Catholic Brother could have abused boys at Ararat camp: Royal Commission into Child Sexual Abuse

Former Christian Brother Edward Dowlan in 1994. Photo: G. Ampt

Former Christian Brother Edward Dowlan in 1994. Photo: G. Ampt

A report from the Royal Commission into Institutional Responses to Child Sexual Abuse has detailed allegations that a former Christian Brother abused several boys at a 1970s camping trip outside Ararat.

The commission’s report, released on Wednesday, referred to documents from Catholic Church Insurance loss adjustor J.E. O’Connor.

Mr O’Connor collated evidence in 1997 on offending by former Christian Brother Ted Downlan, also known as Ted Bales.

The commission’s report detailed how “in 1973 or 1974 Brother Bernard Scott, the principal of St Paul’s Technical School in Ballarat, took Dowlan and some boys” on a camp to Mount Cole near Ararat.

“When the boys returned to school, Brother Scott heard rumours that Dowlan had ‘played funny buggers’ on the camp, the report stated. 

“He never invited Dowlan on another camp. However, the precise nature of the rumours is not known.”

The commission also quoted from a a 1997 report on Dowlan produced by Mr O’Connor.

“Brother Scott does recall taking a group of boys to Mt. Cole near Ararat for a camp; this group included boys interested in gymnastics as well as other boys, including [REDACTED],” Mr O’Connor’s report stated. 

“Brother Dowlan was at the school at that time and he accompanied the group on the camp. When the boys returned to school, Brother Scott recalled there were rumours that Brother Dowlan ‘had played funny buggers’ while on the camp.

“He could not recall what this was about, it was just something he remembered. Brother Scott made the point that Brother Dowlan was never invited to attend another of his camps.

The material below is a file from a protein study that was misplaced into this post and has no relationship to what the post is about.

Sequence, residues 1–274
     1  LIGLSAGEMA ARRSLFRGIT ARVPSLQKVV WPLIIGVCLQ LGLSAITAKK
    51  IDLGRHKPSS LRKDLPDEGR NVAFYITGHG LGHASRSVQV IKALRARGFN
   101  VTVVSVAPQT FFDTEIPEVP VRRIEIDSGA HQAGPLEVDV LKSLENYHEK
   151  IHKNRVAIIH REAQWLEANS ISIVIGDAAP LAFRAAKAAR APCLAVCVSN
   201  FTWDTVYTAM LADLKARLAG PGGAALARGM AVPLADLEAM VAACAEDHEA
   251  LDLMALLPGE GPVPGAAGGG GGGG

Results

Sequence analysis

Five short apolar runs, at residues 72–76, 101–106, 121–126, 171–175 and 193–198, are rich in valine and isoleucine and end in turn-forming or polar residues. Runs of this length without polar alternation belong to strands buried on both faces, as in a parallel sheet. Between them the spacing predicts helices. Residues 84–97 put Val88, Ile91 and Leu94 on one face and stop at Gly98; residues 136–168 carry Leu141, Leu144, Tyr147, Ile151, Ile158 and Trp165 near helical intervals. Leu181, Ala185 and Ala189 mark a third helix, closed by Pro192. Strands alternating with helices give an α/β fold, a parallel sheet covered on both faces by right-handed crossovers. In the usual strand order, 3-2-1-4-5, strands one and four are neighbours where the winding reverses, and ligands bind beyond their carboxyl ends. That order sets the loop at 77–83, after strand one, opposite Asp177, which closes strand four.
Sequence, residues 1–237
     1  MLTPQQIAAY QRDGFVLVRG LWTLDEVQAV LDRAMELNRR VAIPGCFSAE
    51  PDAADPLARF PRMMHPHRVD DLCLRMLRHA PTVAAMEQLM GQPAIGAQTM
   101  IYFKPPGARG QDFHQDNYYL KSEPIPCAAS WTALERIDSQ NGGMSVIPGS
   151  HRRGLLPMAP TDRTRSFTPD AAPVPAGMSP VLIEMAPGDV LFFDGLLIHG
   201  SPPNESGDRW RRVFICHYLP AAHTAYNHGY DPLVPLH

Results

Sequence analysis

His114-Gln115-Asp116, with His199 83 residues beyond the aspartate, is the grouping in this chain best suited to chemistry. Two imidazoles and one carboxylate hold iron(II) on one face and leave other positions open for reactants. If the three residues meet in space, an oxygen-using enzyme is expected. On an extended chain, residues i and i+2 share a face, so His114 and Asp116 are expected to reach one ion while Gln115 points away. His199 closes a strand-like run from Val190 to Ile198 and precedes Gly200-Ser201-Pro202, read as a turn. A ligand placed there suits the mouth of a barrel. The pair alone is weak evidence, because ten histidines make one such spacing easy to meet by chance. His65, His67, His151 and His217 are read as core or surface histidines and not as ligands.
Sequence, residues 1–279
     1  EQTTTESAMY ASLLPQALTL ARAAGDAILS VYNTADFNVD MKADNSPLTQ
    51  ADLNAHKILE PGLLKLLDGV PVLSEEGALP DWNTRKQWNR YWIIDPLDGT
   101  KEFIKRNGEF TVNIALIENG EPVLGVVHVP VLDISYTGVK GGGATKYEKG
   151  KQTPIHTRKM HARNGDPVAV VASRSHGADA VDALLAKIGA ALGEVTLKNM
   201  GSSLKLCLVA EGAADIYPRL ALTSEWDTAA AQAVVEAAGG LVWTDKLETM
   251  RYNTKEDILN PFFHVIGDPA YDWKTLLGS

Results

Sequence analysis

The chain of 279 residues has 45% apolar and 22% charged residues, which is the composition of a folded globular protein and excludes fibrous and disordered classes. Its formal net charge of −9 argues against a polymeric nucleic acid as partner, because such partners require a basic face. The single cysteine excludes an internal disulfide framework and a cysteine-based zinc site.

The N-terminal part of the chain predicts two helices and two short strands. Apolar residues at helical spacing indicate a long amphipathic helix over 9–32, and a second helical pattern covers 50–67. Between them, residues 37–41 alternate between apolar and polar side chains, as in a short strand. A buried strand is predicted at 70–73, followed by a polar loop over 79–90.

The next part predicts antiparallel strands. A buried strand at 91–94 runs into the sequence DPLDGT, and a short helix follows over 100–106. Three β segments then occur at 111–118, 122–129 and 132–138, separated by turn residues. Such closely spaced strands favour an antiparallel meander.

“He is aware that [REDACTED] was a student who attended the camp, and started the rumours about Brother Dowlan.”

The commission also noted that Mr O’Connor concluded that Brother Scott was ‘a most reluctant witness’ who ‘appeared very agitated’ during the interview and that Brother Scott’s ‘reference to Brother Dowlan “playing funny buggers” on the camp to Mt. Cole suggested he may have known more than he cared to admit’.

Dowlan, who worked as a teacher and deputy headmaster at schools in the Catholic Diocese of Ballarat, was jailed in 1996 for six-and-a-half years with a four-year minimum for abusing 11 boys between 1971 and 1982. 

He was not thrown out of the Christian Brothers order until 2008.

In 2015, Dowlan pleaded guilty to 33 counts of indecently assaulting boys under the age of 16 and one count of gross indecency between 1971 and 1986 and was sentenced to a minimum of three years’ jail.

The latest commission report also accused the Catholic Diocese of Ballarat of “catastrophic institutional failure” in dealing with allegations of abuse.

The Commission also accused the Christian Brothers of having “a system without checks and balances” with “the obvious potential for mismanagement or abuse of that power and neglect of that responsibility”.

Hours after the commission’s report was published, Catholic Bishop of Ballarat Paul Bird apologised for the church failing to protect children across western Victoria.

“Where the failures of my predecessors allowed abuse to occur, I offer my heartfelt apology,” Bishop Bird said.